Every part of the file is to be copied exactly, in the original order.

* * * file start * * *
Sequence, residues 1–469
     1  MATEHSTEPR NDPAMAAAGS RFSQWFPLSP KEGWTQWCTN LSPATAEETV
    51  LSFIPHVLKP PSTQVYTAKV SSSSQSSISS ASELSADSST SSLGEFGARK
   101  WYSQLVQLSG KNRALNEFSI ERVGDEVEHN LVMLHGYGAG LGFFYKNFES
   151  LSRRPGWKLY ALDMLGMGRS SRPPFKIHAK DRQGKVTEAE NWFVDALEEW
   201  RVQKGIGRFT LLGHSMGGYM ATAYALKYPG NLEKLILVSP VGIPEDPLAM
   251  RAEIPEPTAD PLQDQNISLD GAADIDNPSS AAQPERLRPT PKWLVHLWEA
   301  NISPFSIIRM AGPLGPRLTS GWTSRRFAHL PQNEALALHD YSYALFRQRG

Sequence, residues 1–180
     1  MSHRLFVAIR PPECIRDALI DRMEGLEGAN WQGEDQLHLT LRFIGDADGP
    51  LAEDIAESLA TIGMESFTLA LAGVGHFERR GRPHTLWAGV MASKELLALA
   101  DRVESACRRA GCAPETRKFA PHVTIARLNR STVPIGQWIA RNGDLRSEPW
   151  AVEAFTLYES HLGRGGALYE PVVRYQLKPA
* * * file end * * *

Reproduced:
Sequence, residues 1–469
     1  MATEHSTEPR NDPAMAAAGS RFSQWFPLSP KEGWTQWCTN LSPATAEETV
    51  LSFIPHVLKP PSTQVYTAKV SSSSQSSISS ASELSADSST SSLGEFGARK
   101  WYSQLVQLSG KNRALNEFSI ERVGDEVEHN LVMLHGYGAG LGFFYKNFES
   151  LSRRPGWKLY ALDMLGMGRS SRPPFKIHAK DRQGKVTEAE NWFVDALEEW
   201  RVQKGIGRFT LLGHSMGGYM ATAYALKYPG NLEKLILVSP VGIPEDPLAM
   251  RAEIPEPTAD PLQDQNISLD GAADIDNPSS AAQPERLRPT PKWLVHLWEA
   301  NISPFSIIRM AGPLGPRLTS GWTSRRFAHL PQNEALALHD YSYALFRQRG

Sequence, residues 1–180
     1  MSHRLFVAIR PPECIRDALI DRMEGLEGAN WQGEDQLHLT LRFIGDADGP
    51  LAEDIAESLA TIGMESFTLA LAGVGHFERR GRPHTLWAGV MASKELLALA
   101  DRVESACRRA GCAPETRKFA PHVTIARLNR STVPIGQWIA RNGDLRSEPW
   151  AVEAFTLYES HLGRGGALYE PVVRYQLKPA